An angel in Wonderland doesn’t quite reach the satirical heights

By DBC Pierre
Faber & Faber, £12.99
by Jeremy Hazlehurst

DBC Pierre’s first novel, Vernon God Little, was a brilliant act of ventriloquism in which he channelled the voice of a 15-year-old American boy on death row for a murder. This – his third novel – also tries to capture the state of the world through another young man struggling to make sense of his peculiar segment of it, and is also a no-holds-barred, scorched-earth critique of capitalism.

Our narrator is the angelically-named Gabriel Brockwell – confused anti-capitalist and self-confessed bad poet, microwave chef, drug-abuser and all-round loser. He decides to commit suicide, but after one last bender with his pal Nelson Smuts, who is working as a chef in a Tokyo restaurant. Drugs, high-end booze and a sexual encounter with an octopus follow.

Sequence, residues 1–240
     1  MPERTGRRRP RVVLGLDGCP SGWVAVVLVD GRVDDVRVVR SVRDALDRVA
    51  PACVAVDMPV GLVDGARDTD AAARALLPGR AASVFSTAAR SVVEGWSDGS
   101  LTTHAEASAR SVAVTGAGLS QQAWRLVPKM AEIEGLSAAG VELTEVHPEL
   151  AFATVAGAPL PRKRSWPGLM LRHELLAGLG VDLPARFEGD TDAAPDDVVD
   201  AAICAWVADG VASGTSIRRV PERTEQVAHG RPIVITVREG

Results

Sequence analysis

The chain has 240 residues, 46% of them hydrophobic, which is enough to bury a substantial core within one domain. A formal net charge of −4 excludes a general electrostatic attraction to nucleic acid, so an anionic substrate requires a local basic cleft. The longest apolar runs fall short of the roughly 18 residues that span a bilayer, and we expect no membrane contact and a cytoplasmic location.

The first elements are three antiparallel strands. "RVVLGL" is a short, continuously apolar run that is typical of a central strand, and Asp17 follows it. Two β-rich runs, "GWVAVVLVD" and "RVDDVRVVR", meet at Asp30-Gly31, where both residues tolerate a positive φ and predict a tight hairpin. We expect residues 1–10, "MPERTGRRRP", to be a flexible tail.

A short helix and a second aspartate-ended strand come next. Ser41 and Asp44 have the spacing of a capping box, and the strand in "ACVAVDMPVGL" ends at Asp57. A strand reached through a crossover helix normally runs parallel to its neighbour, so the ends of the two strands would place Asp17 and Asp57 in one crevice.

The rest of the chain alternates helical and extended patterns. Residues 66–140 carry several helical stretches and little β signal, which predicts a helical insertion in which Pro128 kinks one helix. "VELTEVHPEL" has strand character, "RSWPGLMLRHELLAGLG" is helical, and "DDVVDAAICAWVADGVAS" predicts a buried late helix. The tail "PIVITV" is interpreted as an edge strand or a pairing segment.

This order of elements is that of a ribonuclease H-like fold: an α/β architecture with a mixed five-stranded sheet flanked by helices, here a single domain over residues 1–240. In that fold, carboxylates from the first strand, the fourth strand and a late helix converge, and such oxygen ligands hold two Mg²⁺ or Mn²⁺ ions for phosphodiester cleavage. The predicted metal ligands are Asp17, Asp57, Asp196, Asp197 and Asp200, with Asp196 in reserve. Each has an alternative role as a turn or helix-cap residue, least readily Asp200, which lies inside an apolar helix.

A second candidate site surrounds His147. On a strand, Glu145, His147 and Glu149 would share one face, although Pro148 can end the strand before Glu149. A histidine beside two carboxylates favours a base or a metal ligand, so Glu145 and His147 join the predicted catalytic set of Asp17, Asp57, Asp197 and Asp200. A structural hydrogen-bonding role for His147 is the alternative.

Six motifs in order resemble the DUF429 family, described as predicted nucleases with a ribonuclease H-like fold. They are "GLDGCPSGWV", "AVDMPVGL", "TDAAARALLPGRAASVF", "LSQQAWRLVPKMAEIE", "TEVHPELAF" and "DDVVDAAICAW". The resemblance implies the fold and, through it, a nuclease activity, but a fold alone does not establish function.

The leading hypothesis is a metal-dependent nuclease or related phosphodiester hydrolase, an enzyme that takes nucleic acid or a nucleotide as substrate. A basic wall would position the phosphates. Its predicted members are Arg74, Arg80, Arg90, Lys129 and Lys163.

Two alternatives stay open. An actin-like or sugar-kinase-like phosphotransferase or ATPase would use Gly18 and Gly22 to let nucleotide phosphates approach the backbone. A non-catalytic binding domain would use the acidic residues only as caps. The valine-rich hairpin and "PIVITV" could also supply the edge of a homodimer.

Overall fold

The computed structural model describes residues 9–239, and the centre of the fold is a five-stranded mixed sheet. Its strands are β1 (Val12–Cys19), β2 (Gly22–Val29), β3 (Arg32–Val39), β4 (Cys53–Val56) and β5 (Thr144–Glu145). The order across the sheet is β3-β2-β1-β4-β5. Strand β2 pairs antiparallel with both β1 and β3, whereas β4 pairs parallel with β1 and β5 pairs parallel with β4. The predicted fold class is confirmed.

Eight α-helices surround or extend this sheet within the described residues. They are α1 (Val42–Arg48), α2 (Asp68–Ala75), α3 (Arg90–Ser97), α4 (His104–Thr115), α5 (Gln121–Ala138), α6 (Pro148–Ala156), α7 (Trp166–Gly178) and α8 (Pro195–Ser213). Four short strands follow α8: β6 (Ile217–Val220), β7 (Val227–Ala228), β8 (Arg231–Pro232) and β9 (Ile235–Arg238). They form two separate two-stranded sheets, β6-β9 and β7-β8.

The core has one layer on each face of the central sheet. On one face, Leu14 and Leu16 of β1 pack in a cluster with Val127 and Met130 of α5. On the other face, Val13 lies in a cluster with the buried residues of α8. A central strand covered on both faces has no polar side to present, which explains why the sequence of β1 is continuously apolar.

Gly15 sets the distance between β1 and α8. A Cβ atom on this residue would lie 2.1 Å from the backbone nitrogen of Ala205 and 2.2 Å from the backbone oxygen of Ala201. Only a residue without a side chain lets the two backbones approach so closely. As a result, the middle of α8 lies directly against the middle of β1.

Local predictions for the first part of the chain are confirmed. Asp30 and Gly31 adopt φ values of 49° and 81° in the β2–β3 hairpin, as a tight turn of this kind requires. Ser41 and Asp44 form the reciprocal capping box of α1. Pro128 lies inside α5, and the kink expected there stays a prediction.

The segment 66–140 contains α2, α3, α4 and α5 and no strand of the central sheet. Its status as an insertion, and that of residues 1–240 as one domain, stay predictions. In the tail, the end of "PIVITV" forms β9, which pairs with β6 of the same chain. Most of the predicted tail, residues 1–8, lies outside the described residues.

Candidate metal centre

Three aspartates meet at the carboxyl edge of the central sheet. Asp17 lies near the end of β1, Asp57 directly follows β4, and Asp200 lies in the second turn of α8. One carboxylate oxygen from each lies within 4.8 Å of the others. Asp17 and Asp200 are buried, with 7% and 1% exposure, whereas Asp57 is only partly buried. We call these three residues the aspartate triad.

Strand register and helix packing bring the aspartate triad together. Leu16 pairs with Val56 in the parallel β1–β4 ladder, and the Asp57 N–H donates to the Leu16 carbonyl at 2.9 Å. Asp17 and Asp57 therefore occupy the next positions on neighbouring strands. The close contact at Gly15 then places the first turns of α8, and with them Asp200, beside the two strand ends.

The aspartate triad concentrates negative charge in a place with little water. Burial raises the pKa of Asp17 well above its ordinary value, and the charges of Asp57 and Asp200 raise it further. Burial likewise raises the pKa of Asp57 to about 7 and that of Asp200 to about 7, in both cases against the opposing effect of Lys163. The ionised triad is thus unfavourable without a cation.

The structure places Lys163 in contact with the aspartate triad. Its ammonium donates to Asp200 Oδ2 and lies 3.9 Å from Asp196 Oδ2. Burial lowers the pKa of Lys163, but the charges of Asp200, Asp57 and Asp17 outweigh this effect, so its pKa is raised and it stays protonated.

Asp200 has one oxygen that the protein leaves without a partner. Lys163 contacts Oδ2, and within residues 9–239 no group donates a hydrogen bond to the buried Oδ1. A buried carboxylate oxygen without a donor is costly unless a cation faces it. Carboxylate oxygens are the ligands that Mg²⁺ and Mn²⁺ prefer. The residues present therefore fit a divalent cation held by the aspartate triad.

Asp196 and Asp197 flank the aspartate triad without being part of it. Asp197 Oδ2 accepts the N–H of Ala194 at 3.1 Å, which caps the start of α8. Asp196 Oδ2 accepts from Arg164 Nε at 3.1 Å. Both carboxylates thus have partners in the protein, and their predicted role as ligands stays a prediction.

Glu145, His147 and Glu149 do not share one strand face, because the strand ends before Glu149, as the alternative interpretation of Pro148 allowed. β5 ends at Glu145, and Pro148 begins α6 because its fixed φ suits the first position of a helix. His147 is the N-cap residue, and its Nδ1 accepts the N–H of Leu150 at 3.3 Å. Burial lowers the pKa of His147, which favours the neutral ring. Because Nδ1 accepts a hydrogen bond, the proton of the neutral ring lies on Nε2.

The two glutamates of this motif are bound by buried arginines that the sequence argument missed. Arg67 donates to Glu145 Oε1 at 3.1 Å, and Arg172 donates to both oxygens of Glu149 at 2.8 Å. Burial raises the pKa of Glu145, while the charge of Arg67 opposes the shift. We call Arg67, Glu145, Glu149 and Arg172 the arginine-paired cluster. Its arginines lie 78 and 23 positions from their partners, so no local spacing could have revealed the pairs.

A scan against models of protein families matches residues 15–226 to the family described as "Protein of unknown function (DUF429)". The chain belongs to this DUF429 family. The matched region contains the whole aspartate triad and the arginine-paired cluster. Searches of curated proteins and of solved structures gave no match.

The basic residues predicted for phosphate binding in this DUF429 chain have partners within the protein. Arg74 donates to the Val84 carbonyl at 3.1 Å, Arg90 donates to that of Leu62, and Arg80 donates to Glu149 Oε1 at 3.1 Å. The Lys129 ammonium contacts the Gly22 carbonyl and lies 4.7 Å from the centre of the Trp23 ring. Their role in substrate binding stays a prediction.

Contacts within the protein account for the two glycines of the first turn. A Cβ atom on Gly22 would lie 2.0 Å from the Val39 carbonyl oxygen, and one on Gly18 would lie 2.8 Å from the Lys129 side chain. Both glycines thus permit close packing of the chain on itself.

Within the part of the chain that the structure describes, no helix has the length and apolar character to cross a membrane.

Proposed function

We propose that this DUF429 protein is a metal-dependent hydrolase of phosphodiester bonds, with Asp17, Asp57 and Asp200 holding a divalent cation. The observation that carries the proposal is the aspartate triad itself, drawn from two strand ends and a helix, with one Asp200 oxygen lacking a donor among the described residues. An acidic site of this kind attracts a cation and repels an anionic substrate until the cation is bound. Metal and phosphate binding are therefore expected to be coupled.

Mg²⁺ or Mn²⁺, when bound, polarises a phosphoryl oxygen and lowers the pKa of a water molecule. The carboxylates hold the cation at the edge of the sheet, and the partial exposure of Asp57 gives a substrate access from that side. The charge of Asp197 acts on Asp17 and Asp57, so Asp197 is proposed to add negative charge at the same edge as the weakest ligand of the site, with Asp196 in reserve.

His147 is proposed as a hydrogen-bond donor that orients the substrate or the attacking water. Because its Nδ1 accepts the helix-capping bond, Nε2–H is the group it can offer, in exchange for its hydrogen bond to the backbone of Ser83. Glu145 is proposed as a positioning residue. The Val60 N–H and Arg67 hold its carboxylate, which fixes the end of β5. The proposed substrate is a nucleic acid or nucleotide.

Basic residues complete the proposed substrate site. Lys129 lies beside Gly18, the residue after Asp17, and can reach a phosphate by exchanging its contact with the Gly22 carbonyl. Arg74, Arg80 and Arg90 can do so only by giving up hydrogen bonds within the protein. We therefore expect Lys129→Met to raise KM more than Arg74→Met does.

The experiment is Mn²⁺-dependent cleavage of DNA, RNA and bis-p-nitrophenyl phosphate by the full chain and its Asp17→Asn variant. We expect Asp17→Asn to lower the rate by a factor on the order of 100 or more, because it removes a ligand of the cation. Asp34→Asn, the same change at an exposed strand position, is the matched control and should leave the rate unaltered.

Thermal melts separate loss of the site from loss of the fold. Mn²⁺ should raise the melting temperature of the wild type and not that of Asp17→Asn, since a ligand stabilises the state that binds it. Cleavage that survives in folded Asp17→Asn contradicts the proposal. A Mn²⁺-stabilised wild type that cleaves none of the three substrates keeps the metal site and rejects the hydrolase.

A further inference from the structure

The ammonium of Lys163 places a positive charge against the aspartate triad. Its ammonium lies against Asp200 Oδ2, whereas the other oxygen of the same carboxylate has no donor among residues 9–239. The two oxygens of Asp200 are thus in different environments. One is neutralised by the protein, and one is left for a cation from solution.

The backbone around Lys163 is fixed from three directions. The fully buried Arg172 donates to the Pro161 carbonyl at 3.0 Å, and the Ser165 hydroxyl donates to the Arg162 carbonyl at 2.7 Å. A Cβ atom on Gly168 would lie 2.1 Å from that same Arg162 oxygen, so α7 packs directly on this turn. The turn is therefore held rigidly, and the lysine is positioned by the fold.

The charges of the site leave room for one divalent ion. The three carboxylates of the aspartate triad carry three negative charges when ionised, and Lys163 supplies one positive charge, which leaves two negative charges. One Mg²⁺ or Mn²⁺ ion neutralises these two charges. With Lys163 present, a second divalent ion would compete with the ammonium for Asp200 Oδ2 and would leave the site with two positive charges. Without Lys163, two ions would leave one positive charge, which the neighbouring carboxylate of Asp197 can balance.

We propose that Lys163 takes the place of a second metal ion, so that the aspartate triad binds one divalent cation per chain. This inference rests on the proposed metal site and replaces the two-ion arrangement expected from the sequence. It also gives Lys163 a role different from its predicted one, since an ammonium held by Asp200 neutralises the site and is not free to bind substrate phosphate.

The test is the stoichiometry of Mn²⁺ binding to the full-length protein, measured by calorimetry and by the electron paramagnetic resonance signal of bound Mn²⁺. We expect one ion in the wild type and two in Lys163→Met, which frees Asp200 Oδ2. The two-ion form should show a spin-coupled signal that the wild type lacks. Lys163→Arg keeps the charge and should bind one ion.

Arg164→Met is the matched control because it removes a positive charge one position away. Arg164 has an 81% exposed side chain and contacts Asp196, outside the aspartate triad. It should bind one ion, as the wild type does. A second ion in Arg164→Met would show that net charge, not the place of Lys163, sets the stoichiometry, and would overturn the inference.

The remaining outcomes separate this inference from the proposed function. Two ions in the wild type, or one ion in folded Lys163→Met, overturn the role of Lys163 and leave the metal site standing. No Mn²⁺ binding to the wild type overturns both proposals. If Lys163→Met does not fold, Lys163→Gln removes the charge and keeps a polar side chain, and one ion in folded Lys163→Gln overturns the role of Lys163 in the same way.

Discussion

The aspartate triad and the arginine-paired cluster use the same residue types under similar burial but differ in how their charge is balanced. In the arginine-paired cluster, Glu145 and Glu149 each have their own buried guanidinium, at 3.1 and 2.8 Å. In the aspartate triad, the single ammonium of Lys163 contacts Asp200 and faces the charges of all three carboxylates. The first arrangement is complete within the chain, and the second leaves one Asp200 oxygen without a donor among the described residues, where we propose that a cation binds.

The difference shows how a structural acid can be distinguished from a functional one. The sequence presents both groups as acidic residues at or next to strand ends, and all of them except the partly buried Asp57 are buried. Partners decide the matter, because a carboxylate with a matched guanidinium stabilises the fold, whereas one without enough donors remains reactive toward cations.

Soon we are in Berlin – site of capitalism’s triumph over Communism – where Smuts is hired to create a menu that is evidently meant to suggest Trimalchio’s famously decadent feast in Petronius’ Satyricon. Koalas, rhinos and monkeys are on the menu, as are drugs, booze and grubby decadence.

The fantasies about high-end cuisine are baroque and beyond, the whole thing becomes so cartoonishly hyper-real that the satirical intent is drowned. It’s not helped by ponderous asides (often in footnotes which break the story’s flow) about Thatcherism and totalitarianism, and the general decadence of market capitalism.

The problem with ventriloquism is that you are dependent on the quality of your dummy. Vernon Little was a sharp, acerbic, mercurial, surprising and witty one. Gabriel is just a dummy.

For all its invention, the characters and the world Lights Out creates are prosaic, and after a couple of hundred pages the stylised, over-rich dialogue is hard to digest – almost as hard as a plate of monkey-brain ravioli.

Allen Lane, £25
by Jeremy Hazlehurst